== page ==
The phrase “I’ll meet you halfway” hasn’t existed for me for most
of my adult life…and I can thank the lameness of some people I love
as much as anyone in the world for that…
I have a group of ten buddies from high school who are like
brothers to me.
However, we all know that no matter how close you are to certain
people, it’s easy to fall out of touch…and if some of those people
are particularly “complacent” (euphemism for “lame” since some of
my buddies subscribe to my list and I really don’t want additional
unsubscribes), it’s even more challenging…
But come to think of it, they probably don’t open this e-mail
anyway so yes. some of them are quite lame…but they still love me…
So for the most part, if I didn’t reach out to them, the odds of
them reaching out to me were slim…although the joke was that they
were “always sitting by the phone waiting for my call…”
Now…that could have pissed me off…
I could have asked: Why did I always have to make the extra effort
to keep in touch? Why did I always have to organize any events
where we could all have some kind of reunion or get together?
Well…because they didn’t have it in them to work that hard but of
course when we did connect, it was always a blast, a true love-fest
and we actually joked about the lameness and how we overcame the
odds to getting together.
If I waited to be met halfway, I would not have some of the most
important people in my life being a bigger part of my life…and I
could have easily made that choice.
But knowing that if I brought 100% to the relationship, the payoff
to having those brothers in my life was worth the extra effort.
This is also a premise I follow in business…and while everyone I’ve
ever worked with at Boardroom considers me a wimp for not holding
out for every dollar on a contract or not walking away when demands
from the other side of a negotiation became unreasonable, all I
know is that I sleep well at night…every night (well, there was the
night I was prepping for a colonoscopy…oops…TMI).
This “100-Zero” concept is something I learned at Landmark Forum
and I’ve put my own spin on it…and I have to tell you, it takes
away so much stress…the stress of “keeping score” and seeing how
much they gave you vs. what you gave them is just wasted energy as
far as I can tell.
As the great Dan Sullivan would say, that is a “scarcity mindset
not an abundance mindset.”
This mindset has led to two concepts that I would like to leave
with you today that may be a shift for you as you negotiate deals
in the future…and I know you can’t do this all the time…but it
might get you thinking differently about true fairness—and it could
lead to some more peaceful nights of sleep…
1. Don’t sweat the deal numbers for the test…share all
results with total transparency…then adjust deal accordingly for
maximum win-win on rollout: So many of the deals/agreements I’ve
made over the last 30 years were so unpredictable how they would
work out (the beauty of testing in direct marketing)! But knowing
that I would be a slave to the numbers on that test (can’t believe
this English Major is saying that!)—figuring out the “profit pie”
based on REAL results and then adjusting
to the fairest deal possible for both sides always led to the
biggest long term wins…and the longevity of the product/project.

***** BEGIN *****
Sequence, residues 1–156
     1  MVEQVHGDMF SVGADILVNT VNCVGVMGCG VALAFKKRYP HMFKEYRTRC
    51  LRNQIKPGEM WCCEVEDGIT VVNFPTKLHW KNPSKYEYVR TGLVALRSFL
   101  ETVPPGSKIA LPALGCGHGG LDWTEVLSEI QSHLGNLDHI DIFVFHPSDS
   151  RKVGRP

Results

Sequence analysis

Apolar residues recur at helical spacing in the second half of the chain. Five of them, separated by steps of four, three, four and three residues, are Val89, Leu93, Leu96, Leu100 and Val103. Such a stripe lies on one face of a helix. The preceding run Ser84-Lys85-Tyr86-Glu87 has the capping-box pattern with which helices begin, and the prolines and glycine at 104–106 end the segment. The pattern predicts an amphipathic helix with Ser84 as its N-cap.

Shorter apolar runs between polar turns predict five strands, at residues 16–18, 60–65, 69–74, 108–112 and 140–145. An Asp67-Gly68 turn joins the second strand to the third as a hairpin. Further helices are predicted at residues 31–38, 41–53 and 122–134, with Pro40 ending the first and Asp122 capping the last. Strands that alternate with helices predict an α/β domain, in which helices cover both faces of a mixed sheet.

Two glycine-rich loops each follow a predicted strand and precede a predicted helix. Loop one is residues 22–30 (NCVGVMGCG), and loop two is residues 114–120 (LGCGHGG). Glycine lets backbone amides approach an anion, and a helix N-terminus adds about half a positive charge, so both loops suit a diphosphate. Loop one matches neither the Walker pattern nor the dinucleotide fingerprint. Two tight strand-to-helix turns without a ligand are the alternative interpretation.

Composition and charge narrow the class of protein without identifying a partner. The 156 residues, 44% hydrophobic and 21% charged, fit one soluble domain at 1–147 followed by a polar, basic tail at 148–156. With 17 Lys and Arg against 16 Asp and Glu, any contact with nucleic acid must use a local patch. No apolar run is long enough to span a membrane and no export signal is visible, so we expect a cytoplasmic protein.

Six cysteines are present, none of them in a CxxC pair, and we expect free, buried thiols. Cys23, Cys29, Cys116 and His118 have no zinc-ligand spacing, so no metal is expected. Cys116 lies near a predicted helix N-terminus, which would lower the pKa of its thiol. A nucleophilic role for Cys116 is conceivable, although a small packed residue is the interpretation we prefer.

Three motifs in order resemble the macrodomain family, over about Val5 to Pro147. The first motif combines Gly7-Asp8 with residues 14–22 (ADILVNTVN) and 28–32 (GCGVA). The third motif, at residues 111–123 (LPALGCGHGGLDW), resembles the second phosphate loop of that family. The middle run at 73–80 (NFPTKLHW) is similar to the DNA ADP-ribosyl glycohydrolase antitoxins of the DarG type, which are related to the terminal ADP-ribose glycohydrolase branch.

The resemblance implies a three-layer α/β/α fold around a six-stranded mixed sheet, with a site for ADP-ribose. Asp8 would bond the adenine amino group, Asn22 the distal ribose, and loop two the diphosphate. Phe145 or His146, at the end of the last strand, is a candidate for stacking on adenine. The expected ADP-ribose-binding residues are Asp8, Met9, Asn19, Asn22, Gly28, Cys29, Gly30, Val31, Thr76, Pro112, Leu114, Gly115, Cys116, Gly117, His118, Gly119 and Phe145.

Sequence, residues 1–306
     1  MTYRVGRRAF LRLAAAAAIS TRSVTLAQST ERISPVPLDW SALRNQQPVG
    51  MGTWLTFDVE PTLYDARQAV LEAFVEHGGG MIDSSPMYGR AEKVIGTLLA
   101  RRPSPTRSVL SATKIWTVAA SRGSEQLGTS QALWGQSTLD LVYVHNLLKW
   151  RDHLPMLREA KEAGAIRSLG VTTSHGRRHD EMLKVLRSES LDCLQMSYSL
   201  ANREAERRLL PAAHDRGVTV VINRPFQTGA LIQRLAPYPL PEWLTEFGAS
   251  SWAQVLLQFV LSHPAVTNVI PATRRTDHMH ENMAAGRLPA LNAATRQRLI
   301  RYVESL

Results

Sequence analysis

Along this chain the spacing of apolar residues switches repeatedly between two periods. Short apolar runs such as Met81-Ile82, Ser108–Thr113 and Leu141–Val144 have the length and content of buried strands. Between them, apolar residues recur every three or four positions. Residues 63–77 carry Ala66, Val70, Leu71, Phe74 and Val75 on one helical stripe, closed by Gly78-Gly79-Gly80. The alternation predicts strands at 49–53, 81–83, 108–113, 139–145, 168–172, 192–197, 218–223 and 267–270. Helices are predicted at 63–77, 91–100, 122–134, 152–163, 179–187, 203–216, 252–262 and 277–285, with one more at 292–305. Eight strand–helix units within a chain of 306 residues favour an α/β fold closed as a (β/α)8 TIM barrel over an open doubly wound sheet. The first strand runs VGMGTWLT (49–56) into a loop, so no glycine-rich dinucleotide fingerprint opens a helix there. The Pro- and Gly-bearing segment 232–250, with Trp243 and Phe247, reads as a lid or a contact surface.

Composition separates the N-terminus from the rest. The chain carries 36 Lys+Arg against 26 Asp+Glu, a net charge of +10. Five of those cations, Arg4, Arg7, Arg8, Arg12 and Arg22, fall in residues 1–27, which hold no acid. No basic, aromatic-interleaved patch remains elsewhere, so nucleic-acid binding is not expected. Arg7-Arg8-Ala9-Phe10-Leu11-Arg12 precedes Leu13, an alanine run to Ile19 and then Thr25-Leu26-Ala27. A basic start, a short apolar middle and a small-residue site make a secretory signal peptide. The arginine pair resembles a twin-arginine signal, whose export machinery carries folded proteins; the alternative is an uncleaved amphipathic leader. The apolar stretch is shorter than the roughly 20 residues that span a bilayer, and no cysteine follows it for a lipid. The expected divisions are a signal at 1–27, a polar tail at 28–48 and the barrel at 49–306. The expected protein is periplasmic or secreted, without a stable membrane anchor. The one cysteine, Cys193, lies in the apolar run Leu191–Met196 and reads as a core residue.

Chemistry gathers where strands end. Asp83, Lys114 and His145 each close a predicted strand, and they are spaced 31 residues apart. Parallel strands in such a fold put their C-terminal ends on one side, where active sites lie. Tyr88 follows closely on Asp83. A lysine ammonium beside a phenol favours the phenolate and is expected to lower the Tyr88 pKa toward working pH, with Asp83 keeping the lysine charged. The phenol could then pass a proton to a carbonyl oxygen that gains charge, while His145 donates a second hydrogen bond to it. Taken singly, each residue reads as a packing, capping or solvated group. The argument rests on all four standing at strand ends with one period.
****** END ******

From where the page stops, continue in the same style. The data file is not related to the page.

2. Windfalls are good for today but if unfair, you’ve got a
one-hit wonder: To continue from #1, you may not have been able to
negotiate a “flexible deal” on the test…and then one side makes a
mint while the other side doesn’t do so well…and if you are on the
windfall side, don’t assume it was a “fair deal.” It might have
been…but since we are hopefully not about revenue events and all
about business building for the long haul, be the first to fess
up if it’s not a fair deal…
I’m reminded of a mailing list salesperson early in my career who
went to a company that had never previously rented their lists…and
the lists were comprised of affluent professionals who responded
well to all kinds of business and consumer offers…a very responsive
list that was a previously untapped gold mine.
So this salesperson negotiates a commission deal the first year
that unexpectedly has her making more money in commissions than the
CEO of the company was making in total …and it was a pretty large
company with an overpaid CEO to boot…
After the first year, the CEO asked the salesperson to adjust her
commission based on the unexpected windfall and she refused…
Her position: ”Why should I have to take a pay cut when I did such
a good job?”
She stuck to her guns that a deal is a deal…
But “the deal” was not an “employment contract” and she was let go
from the company a year later and frankly, if she cut her
commission in half in year two with the company, she would have
made more money than she ever made in any single year for the rest
of her career.
I know this is extreme…but it makes my point…
Be in the game for the long run…play fair…and I guarantee you will
be richer for it in the long run.
Until next week,
P.S. Someone asked me last week: “How did you get all of those
speakers for your event? Many say no to everyone and those who
might say yes, probably don’t do it all that
enthusiastically–which I know they did for you?” I couldn’t answer
the question definitively but I’ll chalk it up to the fact that
they all love Marty Edelston…as I do. But also, it might be the
serendipitous result of living a life of 100-0 which Marty and I
both feel is the only way to live.. Or maybe it’s just
the fact that I asked politely… 🙂
Hope you will be there: www.titansofdirectresponse.com [
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